The celebrated French activist, philosopher and psychotherapist Félix Guattari observed some time ago that contemporary capitalism had begun to determine who we think we are. The power of corporate media, advertising, video games, Hollywood and the rise of social media condition how we present and think about ourselves. And in turn, our visions of ourselves participate in the production of all other commodities.https://www.independent.co.uk/life-style/health-and-families/healthy-living/mindfulness-sells-buddhist-meditation-teachings-neoliberalism-attention-economy-a8225676.html
As we have come to identify with our lives as consumers, our lives have been reduced to an infinite series of choices and transactions. At the same time, our relationships with a once flourishing biodiversity – both natural and cultural – atrophy and recede behind a series of screens, preserved only as a televisual spectacle to salve our blighted collective sense of unease.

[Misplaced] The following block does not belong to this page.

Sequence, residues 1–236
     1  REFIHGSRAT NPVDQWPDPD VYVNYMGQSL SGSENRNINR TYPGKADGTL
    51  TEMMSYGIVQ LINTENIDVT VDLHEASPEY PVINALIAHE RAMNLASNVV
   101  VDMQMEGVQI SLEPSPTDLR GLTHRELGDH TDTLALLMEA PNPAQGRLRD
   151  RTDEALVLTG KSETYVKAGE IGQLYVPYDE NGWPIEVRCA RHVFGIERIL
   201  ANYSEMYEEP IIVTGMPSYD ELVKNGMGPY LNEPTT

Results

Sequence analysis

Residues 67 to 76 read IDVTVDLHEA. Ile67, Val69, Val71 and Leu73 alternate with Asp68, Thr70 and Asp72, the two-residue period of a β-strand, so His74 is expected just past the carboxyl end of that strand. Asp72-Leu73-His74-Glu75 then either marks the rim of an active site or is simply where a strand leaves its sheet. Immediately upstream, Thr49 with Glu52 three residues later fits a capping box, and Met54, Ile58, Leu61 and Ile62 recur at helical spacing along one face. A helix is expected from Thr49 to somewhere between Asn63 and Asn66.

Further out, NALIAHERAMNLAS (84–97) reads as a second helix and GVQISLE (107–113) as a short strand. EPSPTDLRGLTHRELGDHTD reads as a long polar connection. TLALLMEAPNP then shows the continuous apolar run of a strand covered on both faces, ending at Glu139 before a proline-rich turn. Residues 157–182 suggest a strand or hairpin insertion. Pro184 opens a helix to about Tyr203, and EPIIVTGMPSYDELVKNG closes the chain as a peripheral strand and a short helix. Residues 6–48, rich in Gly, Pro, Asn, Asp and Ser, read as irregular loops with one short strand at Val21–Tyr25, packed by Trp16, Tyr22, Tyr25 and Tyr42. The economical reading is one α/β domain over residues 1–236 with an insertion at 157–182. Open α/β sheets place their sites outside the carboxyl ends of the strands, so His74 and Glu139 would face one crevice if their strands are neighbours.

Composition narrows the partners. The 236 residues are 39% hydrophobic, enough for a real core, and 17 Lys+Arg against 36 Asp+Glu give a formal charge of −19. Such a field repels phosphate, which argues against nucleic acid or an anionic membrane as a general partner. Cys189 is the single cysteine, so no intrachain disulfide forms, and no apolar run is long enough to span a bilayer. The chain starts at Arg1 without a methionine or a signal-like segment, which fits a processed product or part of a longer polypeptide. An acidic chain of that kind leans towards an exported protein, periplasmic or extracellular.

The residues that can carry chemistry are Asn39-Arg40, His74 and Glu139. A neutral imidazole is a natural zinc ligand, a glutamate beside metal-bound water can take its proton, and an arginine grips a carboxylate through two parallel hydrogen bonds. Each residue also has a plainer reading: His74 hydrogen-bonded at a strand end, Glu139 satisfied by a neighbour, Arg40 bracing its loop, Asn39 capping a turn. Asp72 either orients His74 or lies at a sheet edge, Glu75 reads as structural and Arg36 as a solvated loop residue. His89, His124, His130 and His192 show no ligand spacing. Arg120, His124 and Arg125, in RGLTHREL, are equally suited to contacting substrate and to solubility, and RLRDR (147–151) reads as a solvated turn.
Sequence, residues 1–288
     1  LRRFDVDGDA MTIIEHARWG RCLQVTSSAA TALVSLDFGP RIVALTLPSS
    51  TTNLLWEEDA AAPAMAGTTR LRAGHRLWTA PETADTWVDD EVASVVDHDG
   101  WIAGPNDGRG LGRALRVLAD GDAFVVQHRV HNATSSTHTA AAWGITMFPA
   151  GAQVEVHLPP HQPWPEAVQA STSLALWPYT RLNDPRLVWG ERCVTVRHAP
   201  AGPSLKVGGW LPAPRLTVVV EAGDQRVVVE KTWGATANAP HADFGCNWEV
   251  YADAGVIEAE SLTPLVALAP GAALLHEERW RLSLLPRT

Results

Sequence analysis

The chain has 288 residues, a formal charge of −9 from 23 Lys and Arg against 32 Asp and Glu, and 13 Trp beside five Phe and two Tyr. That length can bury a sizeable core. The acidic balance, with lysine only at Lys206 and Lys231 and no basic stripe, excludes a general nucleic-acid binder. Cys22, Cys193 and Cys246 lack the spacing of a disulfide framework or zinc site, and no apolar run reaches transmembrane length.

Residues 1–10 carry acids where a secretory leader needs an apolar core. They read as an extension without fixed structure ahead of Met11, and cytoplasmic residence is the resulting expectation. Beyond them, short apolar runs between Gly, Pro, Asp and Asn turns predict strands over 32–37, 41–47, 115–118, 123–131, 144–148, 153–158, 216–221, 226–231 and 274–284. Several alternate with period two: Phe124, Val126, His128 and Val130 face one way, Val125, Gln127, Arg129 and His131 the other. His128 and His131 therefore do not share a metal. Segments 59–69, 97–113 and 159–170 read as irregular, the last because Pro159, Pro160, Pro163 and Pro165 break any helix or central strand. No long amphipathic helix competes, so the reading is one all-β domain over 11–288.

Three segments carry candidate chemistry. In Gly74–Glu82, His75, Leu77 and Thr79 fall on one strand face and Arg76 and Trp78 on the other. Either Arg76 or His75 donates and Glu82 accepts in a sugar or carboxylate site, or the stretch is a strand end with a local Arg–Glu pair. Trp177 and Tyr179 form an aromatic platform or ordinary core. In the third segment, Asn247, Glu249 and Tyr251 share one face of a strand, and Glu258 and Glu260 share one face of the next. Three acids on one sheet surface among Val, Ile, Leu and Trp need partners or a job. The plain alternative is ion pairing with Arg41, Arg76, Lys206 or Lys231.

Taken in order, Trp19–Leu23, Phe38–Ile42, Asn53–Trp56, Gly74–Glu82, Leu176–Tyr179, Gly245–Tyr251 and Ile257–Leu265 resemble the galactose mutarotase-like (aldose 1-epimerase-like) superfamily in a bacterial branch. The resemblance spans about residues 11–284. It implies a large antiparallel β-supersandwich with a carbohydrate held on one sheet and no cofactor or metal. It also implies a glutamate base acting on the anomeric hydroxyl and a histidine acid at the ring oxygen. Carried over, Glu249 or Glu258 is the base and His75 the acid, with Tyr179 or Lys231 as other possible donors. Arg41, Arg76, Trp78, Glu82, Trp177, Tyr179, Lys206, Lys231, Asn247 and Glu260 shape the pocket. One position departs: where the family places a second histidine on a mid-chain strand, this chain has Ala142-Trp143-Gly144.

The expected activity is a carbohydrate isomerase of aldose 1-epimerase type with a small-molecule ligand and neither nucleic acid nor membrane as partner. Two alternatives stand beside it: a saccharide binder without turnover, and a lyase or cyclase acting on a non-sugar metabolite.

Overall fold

So there is a great deal at stake for companies competing to commodify and colonise our attention. We are no longer mere consumers captured by chance by skillful marketing. We have become subjects and products formed in the interplay of algorithms, technology and newly minted corporate tools that mine our relationships, tastes, moods and intimate preferences. These are then fed back into the system in a perfect loop on platforms developed by Facebook, Apple, Netflix and a host of others now busily turning our attention into a tradeable commodity.